04 August 2012

SCRM: ICT Supply Chain Risk Management...

What is your private sector enterprise doing today to improve your ICT Supply Chain Risk Management (SCRM)?  Cyber-espionage campaigns have been operating for years across the ICT domains and are exposed every year in the trade press to John Q. Citizen, soon after "Black Hat" and "Defcon".  Once again, the origins of these sophisticated and viable adversaries are located inside nation states.

The head of U.S. Cybercom continues to emphasize to the White House and Capitol Hill, the need for more effective legislation to modify behavior on the cyber security of critical infrastructure.  For many who remain committed to the silent war and the warriors who are fighting it each day on a 24 x 7 basis, they know the operational risks associated with this modern day battlefield.

Do you know where your information is today?  No, not your "Personal Identifiable Information" (PII), but the crown jewels of your latest Research and Development project.  Or the details on the "Merger and Acquisition" (M&A) activity associated with your cash cow law firm client.  Guess again, because you may not be the only one who now has copies of these trade secrets or confidential and proprietary information.  Bloomberg's Michael Riley and Dune Lawrence capture some of the discussion that follows:
The methods behind China-based looting of technology and data -- and most of the victims -- have remained for more than a decade in the murky world of hackers and spies, fully known in the U.S. only to a small community of investigators with classified clearances. 
"Until we can have this conversation in a transparent way, we are going to be hard pressed to solve the problem," said Amit Yoran, former National Cyber Security Division director at the Department of Homeland Security." 
Yoran now works for RSA Security, Inc., a Bedford, Massachusetts-based security company which was hacked by Chinese teams last year.  "I'm just not sure America is ready for that," he said.
The Information Communications Technology (ICT) supply chain is at risk and the days are numbered until our final realization that this issue is far past the policy makers control.  Is this an operational risk that we have done all we can do, to mitigate the impact on our U.S. national security?  Everyone should know the answer to this question.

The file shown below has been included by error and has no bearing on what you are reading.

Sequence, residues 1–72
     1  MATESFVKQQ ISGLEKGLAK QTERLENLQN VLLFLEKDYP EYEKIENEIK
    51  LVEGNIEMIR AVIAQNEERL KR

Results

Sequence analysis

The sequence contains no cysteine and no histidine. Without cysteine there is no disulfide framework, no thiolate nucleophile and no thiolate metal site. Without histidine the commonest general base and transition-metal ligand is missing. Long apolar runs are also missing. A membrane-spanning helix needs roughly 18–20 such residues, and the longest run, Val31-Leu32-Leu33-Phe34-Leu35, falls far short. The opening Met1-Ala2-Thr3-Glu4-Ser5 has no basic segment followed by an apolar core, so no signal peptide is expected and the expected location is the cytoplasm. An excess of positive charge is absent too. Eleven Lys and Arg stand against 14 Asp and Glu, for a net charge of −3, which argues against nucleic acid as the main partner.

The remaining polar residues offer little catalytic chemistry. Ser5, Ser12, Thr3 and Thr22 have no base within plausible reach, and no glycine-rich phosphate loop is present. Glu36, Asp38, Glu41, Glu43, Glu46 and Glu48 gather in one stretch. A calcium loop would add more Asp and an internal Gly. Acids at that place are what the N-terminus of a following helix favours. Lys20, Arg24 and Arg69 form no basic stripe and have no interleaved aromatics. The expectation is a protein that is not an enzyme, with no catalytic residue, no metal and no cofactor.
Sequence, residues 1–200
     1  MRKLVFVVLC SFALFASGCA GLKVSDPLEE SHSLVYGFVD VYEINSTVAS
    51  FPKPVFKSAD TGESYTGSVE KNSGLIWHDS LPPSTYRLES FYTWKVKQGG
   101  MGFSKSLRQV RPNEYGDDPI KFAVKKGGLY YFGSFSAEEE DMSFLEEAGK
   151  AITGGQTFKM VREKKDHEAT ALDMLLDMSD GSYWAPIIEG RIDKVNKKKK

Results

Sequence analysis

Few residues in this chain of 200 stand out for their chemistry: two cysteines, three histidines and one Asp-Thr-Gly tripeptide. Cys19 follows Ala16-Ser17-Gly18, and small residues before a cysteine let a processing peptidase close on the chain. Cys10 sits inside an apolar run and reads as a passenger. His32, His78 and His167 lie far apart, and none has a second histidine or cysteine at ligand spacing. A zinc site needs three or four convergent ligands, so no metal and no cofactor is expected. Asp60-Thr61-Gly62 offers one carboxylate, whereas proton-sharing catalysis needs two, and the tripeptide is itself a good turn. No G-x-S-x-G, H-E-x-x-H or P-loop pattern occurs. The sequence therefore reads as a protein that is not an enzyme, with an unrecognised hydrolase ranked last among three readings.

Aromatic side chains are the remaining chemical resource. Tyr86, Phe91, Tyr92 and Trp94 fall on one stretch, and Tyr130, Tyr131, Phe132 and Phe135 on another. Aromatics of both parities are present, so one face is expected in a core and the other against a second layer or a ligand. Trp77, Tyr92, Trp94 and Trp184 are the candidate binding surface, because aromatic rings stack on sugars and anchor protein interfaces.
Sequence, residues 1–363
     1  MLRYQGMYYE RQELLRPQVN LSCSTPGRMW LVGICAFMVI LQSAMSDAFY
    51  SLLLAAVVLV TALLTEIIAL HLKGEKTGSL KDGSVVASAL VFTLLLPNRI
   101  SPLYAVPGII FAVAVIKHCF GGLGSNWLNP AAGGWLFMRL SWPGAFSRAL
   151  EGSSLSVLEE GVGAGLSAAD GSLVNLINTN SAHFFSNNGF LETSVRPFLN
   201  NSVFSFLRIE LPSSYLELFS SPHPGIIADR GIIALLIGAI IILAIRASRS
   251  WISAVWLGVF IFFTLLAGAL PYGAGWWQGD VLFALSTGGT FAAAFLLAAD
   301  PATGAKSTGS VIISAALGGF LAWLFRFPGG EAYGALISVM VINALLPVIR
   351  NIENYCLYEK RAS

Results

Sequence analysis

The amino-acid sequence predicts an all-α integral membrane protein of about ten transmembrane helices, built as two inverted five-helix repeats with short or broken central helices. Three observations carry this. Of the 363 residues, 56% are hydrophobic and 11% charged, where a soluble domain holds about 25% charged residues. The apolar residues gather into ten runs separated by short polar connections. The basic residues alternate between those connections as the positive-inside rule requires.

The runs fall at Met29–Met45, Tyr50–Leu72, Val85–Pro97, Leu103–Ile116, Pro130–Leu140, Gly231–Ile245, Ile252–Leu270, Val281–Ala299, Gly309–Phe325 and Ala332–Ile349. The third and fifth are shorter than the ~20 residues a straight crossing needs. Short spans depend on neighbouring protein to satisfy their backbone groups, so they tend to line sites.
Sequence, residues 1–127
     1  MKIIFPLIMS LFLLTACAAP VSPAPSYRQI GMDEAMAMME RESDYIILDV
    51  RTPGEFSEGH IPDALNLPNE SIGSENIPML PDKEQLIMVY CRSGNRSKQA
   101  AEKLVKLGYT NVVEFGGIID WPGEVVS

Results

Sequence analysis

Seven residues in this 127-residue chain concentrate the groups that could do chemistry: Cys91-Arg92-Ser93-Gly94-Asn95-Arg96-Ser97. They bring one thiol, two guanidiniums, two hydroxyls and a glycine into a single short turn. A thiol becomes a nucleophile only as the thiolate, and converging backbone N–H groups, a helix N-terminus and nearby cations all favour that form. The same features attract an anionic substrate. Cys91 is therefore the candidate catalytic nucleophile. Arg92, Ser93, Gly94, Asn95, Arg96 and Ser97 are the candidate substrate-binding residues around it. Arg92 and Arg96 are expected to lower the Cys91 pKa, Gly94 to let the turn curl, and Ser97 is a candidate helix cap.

The complexity and the complacency of the problem continues to plague those who are working so diligently to fend off the daily attacks or counterfeit micro-components.  The strategy is now morphing as we speak, from defense to offense and the stage is being set for our next generations reality of global cyber conflicts and ICT due diligence.  Richard Clarke and others are beyond the ability to say much more than they already have so far.

So where are the solutions?  Where are the answers?  They can be found very much in the same way organizations, companies and nation states realized what was necessary to deter, detect, defend and document operational risks to their institutions for the past several decades.  The science has changed rapidly but the foundational solutions remain much the same using these six factors:

  • Identify
  • Assess
  • Decide
  • Implement
  • Audit
  • Supervise

These six factors of your respective "Operational Risk Management Enterprise Architecture," is the framework for these solutions.  The ability for these to continuously operate within your enterprise will determine how effective you are in surviving what Richard Clarke and others have predicted for a long time.  Dave Aitel captures much of the issue before us in getting the private sector to get it right in making changes to its defense:
The key hangup for this bill is that its solution is unprecedented. Until now we've never viewed private industries, like FPL, Duke Energy, Exxon and NASDAQ, as being responsible for the nation's defense. But that's just what this bill does -- it recognizes "critical' industries like energy, transportation, emergency services and financial networks, as the new targets in the cyberwar battlefield and requires them to upgrade to military-style defense. This won't be easy, but it's the right thing to do. For the first time ever, rival nations now have the ability to launch relatively easy "kinetic" attacks on U.S. soil, complete with plausible deniability. This is the new world we live in.

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